First and Last Name/s of Presenters

Naeema KandawalaFollow

Mentor/s

LaTina Steele

Participation Type

Poster

Abstract

Allelopathic Interactions between Duncanopsammia axifuga and Ulva lactuca

Naeema Kandawala and Dr. LaTina Steele

Biology Department, Sacred Heart University, Fairfield, CT 06825

Abstract

Coral reefs are a diverse and complex ecosystem that provide important food, livelihood, and services. Algae are prominently associated with coral reef degradation. Invasive algae are known to overtake coral-dominated habitats by tactics of poisoning, smothering, and shading, causing a reduction in coral cover. The study was conducted to determine the allelopathic interactions between the ubiquitous macroalga Ulva lactuca and the Indo-Pacific coral Duncanopsammia axifuga. We conducted a lab experiment with a randomized block design with one replicate of each treatment group (control, algae, mimic) in each of five tanks. The study was conducted for a duration of three weeks. The weight and bleached area measurement of D. axifuga were obtained each week. Data were analyzed each week to determine if significant changes in bleaching and weight occurred among treatments. However, only the data from the final week are presented. Repeated measures ANOVA revealed no significant difference in the change in weight of D. axifuga between the different treatment groups after three weeks. Friedman’s test also revealed no significant difference in the change in percent bleached of D. axifuga between the different treatment groups after three weeks. The findings indicated that there were no allelopathic interactions or effects of physical contact between U. lactuca and D. axifuga. Further studies can help determine algal impacts on coral reef degradation and resilience since some algae produce more potentially allelopathic chemicals than others.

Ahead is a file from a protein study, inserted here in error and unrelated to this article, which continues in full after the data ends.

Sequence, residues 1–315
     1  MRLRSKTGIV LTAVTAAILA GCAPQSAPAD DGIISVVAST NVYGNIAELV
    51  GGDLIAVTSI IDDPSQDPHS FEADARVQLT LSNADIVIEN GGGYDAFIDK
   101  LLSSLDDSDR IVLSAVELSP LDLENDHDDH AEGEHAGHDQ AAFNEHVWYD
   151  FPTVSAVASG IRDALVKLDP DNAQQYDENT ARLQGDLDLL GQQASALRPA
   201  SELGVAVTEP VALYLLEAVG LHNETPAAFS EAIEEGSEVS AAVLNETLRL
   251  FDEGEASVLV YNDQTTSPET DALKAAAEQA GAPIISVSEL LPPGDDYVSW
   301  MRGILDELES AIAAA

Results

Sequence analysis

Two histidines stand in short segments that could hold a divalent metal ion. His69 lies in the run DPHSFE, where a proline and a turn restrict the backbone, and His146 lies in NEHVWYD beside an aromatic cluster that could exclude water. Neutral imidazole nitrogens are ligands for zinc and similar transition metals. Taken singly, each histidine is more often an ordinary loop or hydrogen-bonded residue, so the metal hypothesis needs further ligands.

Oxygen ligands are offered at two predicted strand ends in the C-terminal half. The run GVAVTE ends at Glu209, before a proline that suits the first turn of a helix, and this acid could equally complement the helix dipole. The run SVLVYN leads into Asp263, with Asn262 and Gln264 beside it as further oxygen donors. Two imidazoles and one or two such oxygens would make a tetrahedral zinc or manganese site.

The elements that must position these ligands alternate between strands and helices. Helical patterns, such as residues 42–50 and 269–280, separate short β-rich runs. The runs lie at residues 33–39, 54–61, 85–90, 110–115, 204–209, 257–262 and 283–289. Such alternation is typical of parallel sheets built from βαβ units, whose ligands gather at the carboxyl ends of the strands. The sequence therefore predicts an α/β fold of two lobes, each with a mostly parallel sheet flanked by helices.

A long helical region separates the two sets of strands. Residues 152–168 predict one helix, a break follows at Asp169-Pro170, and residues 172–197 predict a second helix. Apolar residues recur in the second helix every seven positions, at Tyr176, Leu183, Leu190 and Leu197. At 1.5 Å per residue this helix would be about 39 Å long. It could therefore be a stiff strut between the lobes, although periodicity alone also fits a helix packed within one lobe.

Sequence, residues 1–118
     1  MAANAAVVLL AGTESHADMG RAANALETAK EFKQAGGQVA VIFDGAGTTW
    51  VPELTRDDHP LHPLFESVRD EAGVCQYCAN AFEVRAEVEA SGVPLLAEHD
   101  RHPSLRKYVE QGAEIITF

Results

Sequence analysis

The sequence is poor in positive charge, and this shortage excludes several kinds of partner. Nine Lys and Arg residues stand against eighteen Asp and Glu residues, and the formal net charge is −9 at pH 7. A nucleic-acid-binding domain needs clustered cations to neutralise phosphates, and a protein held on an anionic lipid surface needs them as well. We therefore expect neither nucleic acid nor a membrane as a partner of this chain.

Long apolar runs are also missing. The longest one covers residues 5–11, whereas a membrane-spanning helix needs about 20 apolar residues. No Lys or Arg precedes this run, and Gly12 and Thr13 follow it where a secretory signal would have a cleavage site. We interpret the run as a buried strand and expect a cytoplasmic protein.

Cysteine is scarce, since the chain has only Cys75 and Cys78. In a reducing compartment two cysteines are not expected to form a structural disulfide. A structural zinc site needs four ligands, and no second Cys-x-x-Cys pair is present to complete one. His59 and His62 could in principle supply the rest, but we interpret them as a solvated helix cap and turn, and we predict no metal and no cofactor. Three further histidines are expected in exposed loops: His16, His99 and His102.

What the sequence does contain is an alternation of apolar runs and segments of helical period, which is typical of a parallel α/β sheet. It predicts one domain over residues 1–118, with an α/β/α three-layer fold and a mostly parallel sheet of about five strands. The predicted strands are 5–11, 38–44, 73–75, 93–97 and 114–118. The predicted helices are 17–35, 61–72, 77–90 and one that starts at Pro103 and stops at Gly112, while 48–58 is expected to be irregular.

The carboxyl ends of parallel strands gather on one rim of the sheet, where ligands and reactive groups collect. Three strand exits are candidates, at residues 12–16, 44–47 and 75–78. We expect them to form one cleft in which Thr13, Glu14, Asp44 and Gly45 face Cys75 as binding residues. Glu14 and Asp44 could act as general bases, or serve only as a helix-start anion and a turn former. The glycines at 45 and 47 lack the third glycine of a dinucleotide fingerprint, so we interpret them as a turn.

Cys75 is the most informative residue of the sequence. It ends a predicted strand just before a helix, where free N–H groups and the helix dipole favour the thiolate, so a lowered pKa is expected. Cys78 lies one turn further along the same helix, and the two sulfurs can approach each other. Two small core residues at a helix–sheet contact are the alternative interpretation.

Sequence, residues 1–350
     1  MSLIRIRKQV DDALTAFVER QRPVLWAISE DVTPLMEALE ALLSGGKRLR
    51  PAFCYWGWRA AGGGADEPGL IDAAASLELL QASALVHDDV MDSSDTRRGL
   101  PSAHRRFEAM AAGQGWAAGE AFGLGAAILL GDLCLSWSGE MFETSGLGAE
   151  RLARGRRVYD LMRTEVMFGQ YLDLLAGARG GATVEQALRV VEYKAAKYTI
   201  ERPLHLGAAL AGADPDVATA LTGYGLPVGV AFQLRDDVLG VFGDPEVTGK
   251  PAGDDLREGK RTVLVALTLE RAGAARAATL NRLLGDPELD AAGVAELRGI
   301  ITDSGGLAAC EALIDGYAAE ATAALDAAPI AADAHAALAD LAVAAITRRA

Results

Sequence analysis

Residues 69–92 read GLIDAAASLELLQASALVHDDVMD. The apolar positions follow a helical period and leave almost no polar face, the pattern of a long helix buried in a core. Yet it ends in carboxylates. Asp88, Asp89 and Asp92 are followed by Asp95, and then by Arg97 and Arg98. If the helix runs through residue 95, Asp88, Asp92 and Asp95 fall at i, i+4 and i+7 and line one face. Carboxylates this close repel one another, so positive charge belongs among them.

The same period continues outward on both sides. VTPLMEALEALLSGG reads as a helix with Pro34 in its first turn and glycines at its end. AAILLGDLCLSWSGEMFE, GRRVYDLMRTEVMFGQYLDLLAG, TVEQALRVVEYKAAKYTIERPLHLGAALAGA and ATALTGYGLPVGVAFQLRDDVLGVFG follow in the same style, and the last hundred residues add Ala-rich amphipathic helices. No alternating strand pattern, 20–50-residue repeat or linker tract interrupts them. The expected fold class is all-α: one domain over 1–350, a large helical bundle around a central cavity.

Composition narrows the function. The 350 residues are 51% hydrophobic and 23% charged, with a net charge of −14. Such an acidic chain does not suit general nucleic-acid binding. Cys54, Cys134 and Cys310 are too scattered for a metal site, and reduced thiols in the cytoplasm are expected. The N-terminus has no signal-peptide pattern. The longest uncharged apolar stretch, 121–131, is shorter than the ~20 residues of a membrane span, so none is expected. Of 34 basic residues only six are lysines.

College and Major available

Biology

Course Name and Number, Professor Name

BI-390-L, Supervised Research, LaTina Steele

Location

Digital Commons & West Campus West Building

Start Day/Time

4-29-2022 1:00 PM

End Day/Time

4-29-2022 4:00 PM

Students' Information

Naeema Kandawala - Biology, 2022

Honorable mention, Dean's Prize: College of Arts & Sciences 2022 award.

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Apr 29th, 1:00 PM Apr 29th, 4:00 PM

Allelopathic Interactions between Duncanopsammia axifuga and Ulva lactuca

Digital Commons & West Campus West Building

Allelopathic Interactions between Duncanopsammia axifuga and Ulva lactuca

Naeema Kandawala and Dr. LaTina Steele

Biology Department, Sacred Heart University, Fairfield, CT 06825

Abstract

Coral reefs are a diverse and complex ecosystem that provide important food, livelihood, and services. Algae are prominently associated with coral reef degradation. Invasive algae are known to overtake coral-dominated habitats by tactics of poisoning, smothering, and shading, causing a reduction in coral cover. The study was conducted to determine the allelopathic interactions between the ubiquitous macroalga Ulva lactuca and the Indo-Pacific coral Duncanopsammia axifuga. We conducted a lab experiment with a randomized block design with one replicate of each treatment group (control, algae, mimic) in each of five tanks. The study was conducted for a duration of three weeks. The weight and bleached area measurement of D. axifuga were obtained each week. Data were analyzed each week to determine if significant changes in bleaching and weight occurred among treatments. However, only the data from the final week are presented. Repeated measures ANOVA revealed no significant difference in the change in weight of D. axifuga between the different treatment groups after three weeks. Friedman’s test also revealed no significant difference in the change in percent bleached of D. axifuga between the different treatment groups after three weeks. The findings indicated that there were no allelopathic interactions or effects of physical contact between U. lactuca and D. axifuga. Further studies can help determine algal impacts on coral reef degradation and resilience since some algae produce more potentially allelopathic chemicals than others.

 

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